Democrats think Kevin McCarthy is a nice guy. But they don’t think he has much of a chance to bring order back to the chaotic House.
McCarthy, the GOP’s majority leader, is the favorite to succeed House Speaker John Boehner, who is stepping down at the end of October. He’s running on a reputation as an affable colleague and a pledge to “heal” the divisions that have been laid bare within the Republican caucus. Democrats affirm the former, but they’re more than a little skeptical about the latter.
McCarthy “understands legislators, and he understands the legislative process,” said Rep. Xavier Becerra, who chairs the House Democratic caucus and, like McCarthy, hails from California. “My sense and our hope would be if he becomes the speaker, he would use that knowledge to help us move legislation forward to try and get things done. Perhaps he’ll have more success in corralling his own team so that we can get things done. … Will he be able to work with his colleagues on the Republican side or will he get run over by them?”
Becerra’s question echoed a statement from Rep. Ben Ray Lujan, who had spoken earlier at the same Tuesday morning press conference. “Let’s be clear,” said Lujan, who heads the Democratic Congressional Campaign Committee. “This is not a Speaker Boehner problem. It’s a Republican problem. This is a Republican conference problem. The next speaker will face the same stark choice as Boehner: Go along with the extreme base or get run over by them.”
McCarthy's office did not respond to a request for comment for this story.
Less than two weeks ago, Democrats were divided over whether to save Boehner if his fate as speaker came to the House floor. Now that he’s taken matters into his own hands, they’re equally ambivalent about his heir apparent—relieved he’s not one of the “fringe” conservatives who forced Boehner out, but not holding out much hope he can make meaningful progress within his caucus.
Some of that lack of confidence may be because McCarthy simply doesn’t have many friends on the other side of the aisle. His relationship with Minority Leader Nancy Pelosi is almost nonexistent, even though they both hail from California. Others in the delegation had little to say about their home-state colleague.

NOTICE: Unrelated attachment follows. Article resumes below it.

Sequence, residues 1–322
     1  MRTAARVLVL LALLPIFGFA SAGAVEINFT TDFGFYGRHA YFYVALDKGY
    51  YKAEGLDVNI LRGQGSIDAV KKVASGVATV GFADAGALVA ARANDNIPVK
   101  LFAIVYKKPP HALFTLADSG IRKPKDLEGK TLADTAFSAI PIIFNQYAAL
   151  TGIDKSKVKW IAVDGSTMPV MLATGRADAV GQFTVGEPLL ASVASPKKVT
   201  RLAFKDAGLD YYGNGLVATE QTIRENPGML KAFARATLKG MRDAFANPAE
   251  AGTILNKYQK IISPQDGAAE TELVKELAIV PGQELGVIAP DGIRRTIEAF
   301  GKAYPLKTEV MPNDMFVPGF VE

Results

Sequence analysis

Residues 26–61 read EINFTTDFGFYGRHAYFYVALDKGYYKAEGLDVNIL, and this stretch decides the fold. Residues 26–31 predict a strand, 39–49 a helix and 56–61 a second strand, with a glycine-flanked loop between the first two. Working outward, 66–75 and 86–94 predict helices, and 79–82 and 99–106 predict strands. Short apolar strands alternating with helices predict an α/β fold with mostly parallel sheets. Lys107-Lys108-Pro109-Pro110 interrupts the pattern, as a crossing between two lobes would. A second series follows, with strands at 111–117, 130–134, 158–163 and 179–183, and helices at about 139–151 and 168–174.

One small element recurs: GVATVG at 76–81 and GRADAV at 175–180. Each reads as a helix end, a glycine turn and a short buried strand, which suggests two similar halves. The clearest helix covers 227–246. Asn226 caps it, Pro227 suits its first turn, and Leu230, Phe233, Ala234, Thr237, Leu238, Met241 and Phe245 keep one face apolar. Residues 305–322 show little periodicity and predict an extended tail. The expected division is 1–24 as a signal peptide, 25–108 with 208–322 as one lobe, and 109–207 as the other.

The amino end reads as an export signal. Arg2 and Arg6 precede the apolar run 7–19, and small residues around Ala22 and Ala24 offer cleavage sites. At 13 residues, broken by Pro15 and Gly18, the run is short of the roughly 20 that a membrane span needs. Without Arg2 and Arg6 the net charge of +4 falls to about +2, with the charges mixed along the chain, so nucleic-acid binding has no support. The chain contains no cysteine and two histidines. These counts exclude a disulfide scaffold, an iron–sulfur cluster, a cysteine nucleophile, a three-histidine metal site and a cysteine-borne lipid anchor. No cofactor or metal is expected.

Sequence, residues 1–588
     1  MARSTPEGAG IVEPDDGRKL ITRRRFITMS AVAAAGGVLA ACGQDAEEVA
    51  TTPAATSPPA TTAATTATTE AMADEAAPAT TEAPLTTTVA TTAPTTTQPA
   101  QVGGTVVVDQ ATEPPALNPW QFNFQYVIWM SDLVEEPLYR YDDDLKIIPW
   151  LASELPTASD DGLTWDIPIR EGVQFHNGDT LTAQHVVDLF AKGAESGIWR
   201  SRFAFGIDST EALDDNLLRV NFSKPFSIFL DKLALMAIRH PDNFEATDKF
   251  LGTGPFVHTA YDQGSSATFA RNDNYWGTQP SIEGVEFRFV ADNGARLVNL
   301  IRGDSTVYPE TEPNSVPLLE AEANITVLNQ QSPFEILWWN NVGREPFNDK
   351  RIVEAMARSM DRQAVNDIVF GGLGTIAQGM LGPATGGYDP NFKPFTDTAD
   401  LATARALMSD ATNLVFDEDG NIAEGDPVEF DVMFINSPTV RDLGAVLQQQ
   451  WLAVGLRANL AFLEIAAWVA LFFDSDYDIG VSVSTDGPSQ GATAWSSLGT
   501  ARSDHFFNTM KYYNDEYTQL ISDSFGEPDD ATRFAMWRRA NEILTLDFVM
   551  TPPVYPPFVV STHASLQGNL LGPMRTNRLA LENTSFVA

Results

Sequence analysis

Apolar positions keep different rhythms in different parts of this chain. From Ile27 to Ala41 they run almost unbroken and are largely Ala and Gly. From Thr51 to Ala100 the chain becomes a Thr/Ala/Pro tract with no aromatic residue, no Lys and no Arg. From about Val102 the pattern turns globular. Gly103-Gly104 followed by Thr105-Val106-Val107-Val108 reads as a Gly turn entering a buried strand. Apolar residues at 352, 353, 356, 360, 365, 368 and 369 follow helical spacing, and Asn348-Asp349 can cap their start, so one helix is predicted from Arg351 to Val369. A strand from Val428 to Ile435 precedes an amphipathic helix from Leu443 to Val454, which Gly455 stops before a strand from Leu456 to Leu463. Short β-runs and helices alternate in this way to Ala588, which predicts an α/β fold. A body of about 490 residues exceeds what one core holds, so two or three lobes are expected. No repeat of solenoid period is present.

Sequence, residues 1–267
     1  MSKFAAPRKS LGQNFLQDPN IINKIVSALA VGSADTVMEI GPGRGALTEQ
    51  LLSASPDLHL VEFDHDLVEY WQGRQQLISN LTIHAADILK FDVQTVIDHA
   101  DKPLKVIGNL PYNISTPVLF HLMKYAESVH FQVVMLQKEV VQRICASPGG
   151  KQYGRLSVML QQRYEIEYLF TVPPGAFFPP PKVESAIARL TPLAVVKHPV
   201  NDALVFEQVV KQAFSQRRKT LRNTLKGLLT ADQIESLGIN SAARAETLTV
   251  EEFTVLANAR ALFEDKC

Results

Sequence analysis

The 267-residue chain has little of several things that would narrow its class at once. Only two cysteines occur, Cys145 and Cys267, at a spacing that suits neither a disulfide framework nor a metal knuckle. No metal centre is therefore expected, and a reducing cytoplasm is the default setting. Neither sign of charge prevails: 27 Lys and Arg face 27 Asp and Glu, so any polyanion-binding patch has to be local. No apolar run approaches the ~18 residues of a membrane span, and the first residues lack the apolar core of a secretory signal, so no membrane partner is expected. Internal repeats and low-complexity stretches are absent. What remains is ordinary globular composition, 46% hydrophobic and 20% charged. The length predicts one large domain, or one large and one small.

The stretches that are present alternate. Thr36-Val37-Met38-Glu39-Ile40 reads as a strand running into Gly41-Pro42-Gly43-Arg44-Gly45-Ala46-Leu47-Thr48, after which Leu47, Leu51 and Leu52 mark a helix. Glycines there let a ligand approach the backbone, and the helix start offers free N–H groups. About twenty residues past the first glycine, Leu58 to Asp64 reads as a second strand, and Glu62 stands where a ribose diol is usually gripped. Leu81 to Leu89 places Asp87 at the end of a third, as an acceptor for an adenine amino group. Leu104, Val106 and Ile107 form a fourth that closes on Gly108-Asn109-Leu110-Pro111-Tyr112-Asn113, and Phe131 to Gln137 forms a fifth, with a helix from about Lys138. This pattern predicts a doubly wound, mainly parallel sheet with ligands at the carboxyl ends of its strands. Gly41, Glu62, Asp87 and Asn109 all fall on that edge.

Rep. Lois Capps, who said McCarthy has a vacation home in her neighboring district,nevertheless said she doesn’t “know him that well.” And Rep. Anna Eshoo, a close friend of Pelosi, said McCarthy is among the many Republicans who don’t show up for the occasional bipartisan social gatherings put on by the California delegation. “I know him, but I don’t know him as well as I know other members,” she said. “It’s really too bad.”
Likewise, Rep. James Clyburn, the No. 3 leader on the Democratic side, had little to say about Republicans’ No. 2. “He seems to be an OK guy,” he said. “I’ve never really worked with him on legislation or anything, so I don’t know.”
If McCarthy hasn’t cultivated those relationships before, he’ll need to do so soon if he wants to get anything accomplished, Democrats warned. The minority leader "hopes to work with Mr. McCarthy to create a dialogue through which the House can take steps to address the major challenges our country faces,” said Pelosi spokesman Drew Hammill. “With a Democratic president and sufficient Democratic support in both chambers to sustain vetoes, working with Democrats will remain the only sustainable path to moving our country through the Republican calendar of chaos that lies before Congress this fall.”
One Democrat who has worked extensively with McCarthy is Minority Whip Steny Hoyer: The two run their parties’ floor operations. “The majority leader and I have a good relationship,” Hoyer said. “We have worked together, but I think he’s been in the same position that Mr. Boehner’s been in.” Boehner’s unwillingness to buck his caucus, Hoyer said, led to many of the crises that plagued his tenure—and McCarthy’s success will be determined by his willingness to reach across the aisle. “I find Mr. McCarthy very pleasant, hardworking, a person who’s obviously got a lot of support in his conference. … We’ve had those opportunities where we can work together. I hope we have some more.”
Another California colleague, Rep. Jackie Speier, doesn’t see the internal GOP battles going away anytime soon. “Kevin McCarthy is an amiable man,” she said. “He has served here in Congress and has developed leadership skills. But you have a rump caucus in the Republican Party right now that is turning into a cancer. And they want their pound of flesh. And if they don’t get their pound of flesh, they will shut down this government. Kevin McCarthy will be faced with the same challenges that Speaker Boehner has been faced with—trying to assuage them and never assuaging them enough.”
If McCarthy is elected speaker as expected, the whole House will be getting to know him soon enough. And Democrats want him to know they’re ready to work together—even if they acknowledge it’s unlikely to happen. “Whoever the Republican leadership might be in the House—it may not be as important how they get along with us as how they get along with themselves,” said Rep. Joseph Crowley, the caucus vice chair. “There may be a learning curve. I can’t see a honeymoon, because there’s no time for a honeymoon.”
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